The growth of ecommerce and competition from digitally native brands have major CPG manufacturers moving to the web and chasing expensive acquisitions.

Until recent years, store-based retailers could count on steady sales of consumer packaged goods (CPGs)—frequently replenished consumables like paper towels and laundry detergent used daily by consumers—even as online shopping grew into a near-existential threat.

Now, more consumers buy these everyday products online from leading CPG manufacturers, established retail chains and web-focused merchants, making ecommerce the fastest-grow in sales channel for CPGs.

Based on analysis from Internet Retailer’s just-released 2019 Online Consumer Packaged Goods Report, CPG manufacturers are building their ecommerce businesses using strategies that include working with online retailers, selectively selling directly to consumers and collectively spending billions of dollars on strategic acquisitions of upstart brands.

Among the 34 CPG companies in the 2019 Internet Retailer Top 1000, 18 are in the Food/Beverage product category, 14 sell Health/Beauty products and two are specialty retailers. By merchant type, 19 are consumer brand manufacturers, five are in the Catalog/Call Center category, one (Hickory Farms LLC) is a retail chain, and nine are web-only retailers.


Online U.S. CPG sales rose 35.4% in 2018, according to a report released in early 2019 by consumer goods data-collection firm Information Resources Inc. (IRI). That’s a lot faster than the 3.4% growth in sales at food and beverage stores, including the supermarkets that sell most CPG products, according to the U.S. Department of Commerce. The overall U.S. CPG market (online and offline) grew about 2.0% in 2018 to reach approximately $815.0 billion in 2018, according to Boston Consulting Group (BCG).

Based on data from IRI’s E-Market Insights, online sales measurement and analysis service, online CPG sales in the United States totaled $58.6 billion last year. That accounted for 11% of total U.S. CPG retail sales in 2018—but 64% of the growth.

Brands are following consumers to the web, leading to significant changes to the way they approach distribution. But they have moved slowly, creating opportunities for disruptive startups that focused on selling online and were not limited by established relationships with store-based retailers. The new, web-only brands have left the giants—like Procter & Gamble Co., Nestle S.A. and The Kraft Heinz Co.—scrambling to catch up in the digital marketplace.

Major CPG companies are heavily dependent on stores, so they can’t catch up by simply imitating their smaller, web-only rivals by selling large quantities of goods directly to consumers. The CPG manufacturers can, however, do things like set up websites that sell specialty or personalized products not available in stores or redirect online shoppers to the websites of online retailers that sell their goods.


In May 2019, Edgewell Personal
Care Co. acquired the Harry’s shaving brand for $1.37 billion in cash and stock.

When the CPG giants decide to open direct-to-consumer (D2C) operations, they usually do so in ways that don’t jeopardize their relations with the big store operators that control access to retail shelf space. For example, two big players, Mondelēz International Inc. (maker of Nabisco products and other brands) and The Coca-Cola Co. have built D2C operations that sell exclusive specialty products, such as gift boxes or other items consumers can personalize. Also included are brand-related gear such as apparel, water bottles and toys.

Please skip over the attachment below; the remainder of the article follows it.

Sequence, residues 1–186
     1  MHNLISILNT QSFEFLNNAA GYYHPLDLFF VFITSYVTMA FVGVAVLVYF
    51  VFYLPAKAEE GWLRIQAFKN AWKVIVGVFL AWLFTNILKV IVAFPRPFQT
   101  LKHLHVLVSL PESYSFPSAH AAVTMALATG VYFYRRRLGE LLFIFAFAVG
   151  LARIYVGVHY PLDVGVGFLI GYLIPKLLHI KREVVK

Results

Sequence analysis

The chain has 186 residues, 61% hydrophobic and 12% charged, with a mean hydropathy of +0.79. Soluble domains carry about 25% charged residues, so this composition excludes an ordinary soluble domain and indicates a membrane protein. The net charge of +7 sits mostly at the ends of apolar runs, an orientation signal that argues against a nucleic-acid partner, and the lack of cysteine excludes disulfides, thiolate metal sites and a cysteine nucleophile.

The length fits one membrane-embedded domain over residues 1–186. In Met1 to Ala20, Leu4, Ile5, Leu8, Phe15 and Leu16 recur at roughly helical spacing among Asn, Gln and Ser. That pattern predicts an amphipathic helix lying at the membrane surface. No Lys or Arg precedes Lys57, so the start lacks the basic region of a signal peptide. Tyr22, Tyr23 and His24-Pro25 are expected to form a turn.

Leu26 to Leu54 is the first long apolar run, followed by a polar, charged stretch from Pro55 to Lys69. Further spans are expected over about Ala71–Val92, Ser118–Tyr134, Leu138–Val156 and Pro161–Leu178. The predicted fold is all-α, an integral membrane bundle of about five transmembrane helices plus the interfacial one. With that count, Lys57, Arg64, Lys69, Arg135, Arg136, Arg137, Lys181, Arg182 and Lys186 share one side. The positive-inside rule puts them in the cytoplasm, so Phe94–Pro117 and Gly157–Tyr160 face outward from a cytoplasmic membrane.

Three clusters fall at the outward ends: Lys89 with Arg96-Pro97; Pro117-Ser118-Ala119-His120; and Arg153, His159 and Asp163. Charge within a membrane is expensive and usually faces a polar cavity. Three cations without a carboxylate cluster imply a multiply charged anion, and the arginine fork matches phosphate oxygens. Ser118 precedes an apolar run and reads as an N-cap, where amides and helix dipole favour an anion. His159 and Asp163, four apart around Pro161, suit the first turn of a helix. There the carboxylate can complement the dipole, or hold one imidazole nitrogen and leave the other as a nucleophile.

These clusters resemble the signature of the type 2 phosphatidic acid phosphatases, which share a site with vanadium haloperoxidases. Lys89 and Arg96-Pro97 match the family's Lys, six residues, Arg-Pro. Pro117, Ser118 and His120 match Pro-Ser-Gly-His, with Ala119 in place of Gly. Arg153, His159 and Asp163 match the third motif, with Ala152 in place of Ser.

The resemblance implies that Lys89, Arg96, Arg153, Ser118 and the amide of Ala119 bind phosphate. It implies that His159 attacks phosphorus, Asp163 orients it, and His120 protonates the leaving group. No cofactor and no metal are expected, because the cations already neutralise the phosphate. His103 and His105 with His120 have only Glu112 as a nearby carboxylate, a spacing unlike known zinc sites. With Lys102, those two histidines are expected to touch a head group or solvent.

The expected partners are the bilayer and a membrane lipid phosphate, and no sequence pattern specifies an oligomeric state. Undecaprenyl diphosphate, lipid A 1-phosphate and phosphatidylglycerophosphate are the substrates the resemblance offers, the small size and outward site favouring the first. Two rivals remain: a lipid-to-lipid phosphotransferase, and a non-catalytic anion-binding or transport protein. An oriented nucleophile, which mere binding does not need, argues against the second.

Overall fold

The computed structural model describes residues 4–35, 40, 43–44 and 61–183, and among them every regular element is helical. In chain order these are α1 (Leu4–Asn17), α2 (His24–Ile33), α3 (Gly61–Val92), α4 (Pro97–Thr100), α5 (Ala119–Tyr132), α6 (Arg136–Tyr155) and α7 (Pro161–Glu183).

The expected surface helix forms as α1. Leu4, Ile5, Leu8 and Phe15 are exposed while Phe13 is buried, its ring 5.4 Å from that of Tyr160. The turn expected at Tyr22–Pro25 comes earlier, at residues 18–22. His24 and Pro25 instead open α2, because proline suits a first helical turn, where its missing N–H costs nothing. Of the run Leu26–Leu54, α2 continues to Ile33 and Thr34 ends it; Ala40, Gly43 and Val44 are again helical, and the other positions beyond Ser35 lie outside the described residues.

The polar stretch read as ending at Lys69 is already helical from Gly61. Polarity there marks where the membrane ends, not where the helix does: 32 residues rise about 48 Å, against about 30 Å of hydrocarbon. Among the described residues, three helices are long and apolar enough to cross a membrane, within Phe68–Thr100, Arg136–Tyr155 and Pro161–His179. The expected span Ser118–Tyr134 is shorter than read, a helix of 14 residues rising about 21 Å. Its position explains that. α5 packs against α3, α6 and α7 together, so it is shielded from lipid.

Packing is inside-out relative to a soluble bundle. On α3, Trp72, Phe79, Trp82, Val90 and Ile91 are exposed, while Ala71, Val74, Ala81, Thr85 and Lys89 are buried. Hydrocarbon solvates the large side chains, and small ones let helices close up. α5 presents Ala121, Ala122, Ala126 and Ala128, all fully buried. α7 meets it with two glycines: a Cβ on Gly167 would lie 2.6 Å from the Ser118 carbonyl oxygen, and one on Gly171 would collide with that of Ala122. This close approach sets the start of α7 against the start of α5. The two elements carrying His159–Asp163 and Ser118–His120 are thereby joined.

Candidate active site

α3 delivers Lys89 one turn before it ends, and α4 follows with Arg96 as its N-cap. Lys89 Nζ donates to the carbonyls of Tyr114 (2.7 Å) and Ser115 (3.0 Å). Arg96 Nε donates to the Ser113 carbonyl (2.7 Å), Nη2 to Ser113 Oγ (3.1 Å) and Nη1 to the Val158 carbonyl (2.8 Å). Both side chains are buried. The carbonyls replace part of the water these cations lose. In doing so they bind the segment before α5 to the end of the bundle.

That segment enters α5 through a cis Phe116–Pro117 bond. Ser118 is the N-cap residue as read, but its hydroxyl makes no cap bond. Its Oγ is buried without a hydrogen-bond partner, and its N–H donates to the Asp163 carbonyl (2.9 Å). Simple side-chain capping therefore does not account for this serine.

Among the five fastest-growing CPG manufacturers in the Internet Retailer Top 1000, four are web-only brands. Larger CPG companies took note of the high-growth of web-only brands and have acquired many of these startups—sometimes for $1 billion or more. For example, In May 2019, Edgewell Personal Care Co., best known for the Schick shaving brand, acquired the Harry’s shaving brand for $1.37 billion in cash and stock.

That same month, the British-Dutch CPG giant Unilever—which in 2016 bought online-only shaving brand Dollar Shave Club in a deal reported to be about $1 billion—closed on its acquisition of the Graze snack food brand. Terms of the Graze deal were not disclosed, but media reports put it at about 150 million British pounds ($190.1 million). In addition to Graze and Dollar Shave Club, Unilever owns brands including Breyers ice cream, Vaseline skin-care products and Lever 2000 body-care products.


The 64-page 2019 Online Consumer Packaged Goods Report examines the ways CPG manufacturers are building their ecommerce businesses using strategies that include working with online retailers, selling selected products directly to consumers and spending billions of dollars collectively on strategic acquisitions of startup brands like Harry’s and Graze. The report also includes the results of an exclusive survey of online shoppers about their purchasing behavior of CPG goods, category favorites and reasons for selecting the online channel over stores.

The 2019 Online Consumer Packaged Goods Report includes:

  • Total ecommerce sales and sales growth estimates of 14 major CPG manufacturers
  • Ecommerce sales and growth of the 34 retailers in the Top 1000 that make and sell CPG goods 
  • Survey results: 510 CPG buyers reveal their purchasing behavior
  • 20-plus charts and tables
  • Why Amazon is essential to the online CPG market
  • Why shoppers buy CPGs online and the top destinations for online CPG shoppers
  • Insights from consultants and CPG executives
  • Notable strategic acquisitions in 2018 and 2019

The 2019 Online Consumer Packaged Goods report is available to Digital Commerce 360 Gold and Platinum members as part of their paid memberships. Single-copy sales are available for $299Get the report now.